When is a pie not a pie? When it says it “makes its own crust” and it really doesn’t.
Yep, I almost broke my “Pie should not make you cry” rule last night. I found a recipe in an old, spiral-bound church cookbook that I thought might be fun to try.
Yeah, not so much. It was easy, sure, but it’s no winner. In fact, it was so bad that I won’t even post the recipe.
OK, I will post a photo of the recipe, but I’m telling you do not make it! Well, not unless you like weird custardy desserts pretending to be pies. Meh.
I went for the pineapple because my sweet lover does not like coconut. He is extra sweet for telling me “this isn’t a pie, it doesn’t count,” because he knew I wasn’t happy with it.
If anyone knows Mrs. Beulah Addler, who appears to still live in Washington, Illinois, please give her my regards and tell her that this is not a pie. It didn’t even make a crust! It was just mush. And, yes, I drained the heck out of the pineapple. Whatever. It’s a bad recipe. I do, however, have a great recipe for a pie that makes its own crust and Imma gonna tell ya ’bout it right now!
This Ozark Pie recipe spoke to me because I do love the Ozarks and I was intrigued that a pie could be so clever as to make its own crust.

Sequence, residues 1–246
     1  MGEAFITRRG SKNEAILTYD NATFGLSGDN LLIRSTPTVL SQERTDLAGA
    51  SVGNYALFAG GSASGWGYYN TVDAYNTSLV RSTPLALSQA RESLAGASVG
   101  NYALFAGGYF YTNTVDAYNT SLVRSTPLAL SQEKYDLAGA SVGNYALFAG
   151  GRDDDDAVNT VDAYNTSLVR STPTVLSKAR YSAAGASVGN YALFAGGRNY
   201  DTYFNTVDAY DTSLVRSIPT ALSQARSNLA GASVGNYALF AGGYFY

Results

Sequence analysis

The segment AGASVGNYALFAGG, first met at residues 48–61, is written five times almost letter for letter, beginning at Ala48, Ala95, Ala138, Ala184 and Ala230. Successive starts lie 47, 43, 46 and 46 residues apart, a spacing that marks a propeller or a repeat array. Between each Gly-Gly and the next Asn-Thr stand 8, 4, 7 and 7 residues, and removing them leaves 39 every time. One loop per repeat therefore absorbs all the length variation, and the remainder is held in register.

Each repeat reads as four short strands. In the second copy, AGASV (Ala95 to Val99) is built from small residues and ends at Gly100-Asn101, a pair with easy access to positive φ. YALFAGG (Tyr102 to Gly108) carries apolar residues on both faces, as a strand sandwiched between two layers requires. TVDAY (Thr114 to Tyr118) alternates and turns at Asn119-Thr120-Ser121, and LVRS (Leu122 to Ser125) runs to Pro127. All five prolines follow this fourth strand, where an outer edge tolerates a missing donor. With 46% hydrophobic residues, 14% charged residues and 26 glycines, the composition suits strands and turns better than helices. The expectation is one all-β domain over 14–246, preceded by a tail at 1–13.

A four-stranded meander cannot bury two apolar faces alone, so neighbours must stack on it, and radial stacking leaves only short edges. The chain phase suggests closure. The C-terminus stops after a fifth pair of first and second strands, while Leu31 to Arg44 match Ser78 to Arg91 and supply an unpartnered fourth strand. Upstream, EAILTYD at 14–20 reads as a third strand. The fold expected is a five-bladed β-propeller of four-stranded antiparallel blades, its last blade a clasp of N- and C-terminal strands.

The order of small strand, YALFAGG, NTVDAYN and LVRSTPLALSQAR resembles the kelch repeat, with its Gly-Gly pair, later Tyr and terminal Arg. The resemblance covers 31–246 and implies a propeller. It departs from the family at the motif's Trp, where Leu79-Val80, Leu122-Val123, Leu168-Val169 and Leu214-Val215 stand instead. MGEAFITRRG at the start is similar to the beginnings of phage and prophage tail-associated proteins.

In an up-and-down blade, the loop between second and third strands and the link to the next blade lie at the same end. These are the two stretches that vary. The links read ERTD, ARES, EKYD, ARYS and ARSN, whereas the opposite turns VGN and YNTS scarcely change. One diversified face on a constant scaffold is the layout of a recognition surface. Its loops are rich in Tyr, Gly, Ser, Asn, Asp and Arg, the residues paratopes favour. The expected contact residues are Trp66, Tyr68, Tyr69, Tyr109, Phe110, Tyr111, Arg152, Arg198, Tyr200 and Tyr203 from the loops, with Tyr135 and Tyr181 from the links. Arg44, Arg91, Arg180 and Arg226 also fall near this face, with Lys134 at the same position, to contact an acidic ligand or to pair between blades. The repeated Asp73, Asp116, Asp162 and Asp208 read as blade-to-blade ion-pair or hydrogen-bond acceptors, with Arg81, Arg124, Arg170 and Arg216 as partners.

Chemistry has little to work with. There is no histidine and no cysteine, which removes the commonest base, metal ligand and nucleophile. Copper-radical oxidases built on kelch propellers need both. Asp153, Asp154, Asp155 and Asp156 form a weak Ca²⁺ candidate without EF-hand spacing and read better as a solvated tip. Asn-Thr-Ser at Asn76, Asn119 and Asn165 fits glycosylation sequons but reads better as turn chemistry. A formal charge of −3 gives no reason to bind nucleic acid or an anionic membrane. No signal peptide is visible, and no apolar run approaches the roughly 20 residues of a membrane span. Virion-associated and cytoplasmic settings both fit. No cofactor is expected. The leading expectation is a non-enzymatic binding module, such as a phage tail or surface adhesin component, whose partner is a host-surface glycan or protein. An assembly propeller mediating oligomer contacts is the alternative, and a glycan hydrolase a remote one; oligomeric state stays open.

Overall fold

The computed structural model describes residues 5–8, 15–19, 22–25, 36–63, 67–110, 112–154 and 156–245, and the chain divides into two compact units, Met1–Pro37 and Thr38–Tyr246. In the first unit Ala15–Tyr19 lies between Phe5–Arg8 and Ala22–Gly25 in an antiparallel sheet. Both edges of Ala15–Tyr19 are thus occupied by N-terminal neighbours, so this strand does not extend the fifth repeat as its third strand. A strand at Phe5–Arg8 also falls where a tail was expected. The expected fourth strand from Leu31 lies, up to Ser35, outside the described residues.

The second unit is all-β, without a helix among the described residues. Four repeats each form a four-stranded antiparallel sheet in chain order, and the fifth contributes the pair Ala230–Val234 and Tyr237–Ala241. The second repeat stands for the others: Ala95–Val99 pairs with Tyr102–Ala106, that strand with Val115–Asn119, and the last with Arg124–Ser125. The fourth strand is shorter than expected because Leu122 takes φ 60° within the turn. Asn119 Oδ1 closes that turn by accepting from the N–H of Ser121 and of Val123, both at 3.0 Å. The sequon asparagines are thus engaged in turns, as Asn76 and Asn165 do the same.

I found this recipe in Ken Haedrich’s Pie: 300 Tried-and-True Recipes for Delicious Homemade Pie, and since this was actually No. 10 on my 52 weeks of pie tour, I pretty much followed the recipe as written, with the exception of adding more vanilla. You can use just about any fruit and nut combo. I made this one with apples and walnuts. I think pears and pecans would be divine. I do have to say that this isn’t a pie that ages well, so it’s best consumed right after baking. It makes a great last-minute dessert for a gathering, especially when served à la mode.
1 egg + one egg yolk
½ cup sugar
¼ cup light brown sugar, packed
1 tsp vanilla
1 cup +1 tbs flour
1½ tbs baking powder
½ tsp cinnamon
¼ tsp fresh, grated nutmeg
1 large apple or 2 medium pears, cored, peeled, and chopped
½ cup nuts, chopped
Combine eggs and sugars in large bowl and beat until frothy. Blend in vanilla. Sift flour, baking powder, and spices in a separate bowl. Stir into batter along with nuts and fruit. Pour into greased 9″ pan and bake at 350° for 25-30 minutes, or until golden brown. Cool on wire rack. Serve slightly warm with vanilla ice cream for a most delicious dessert.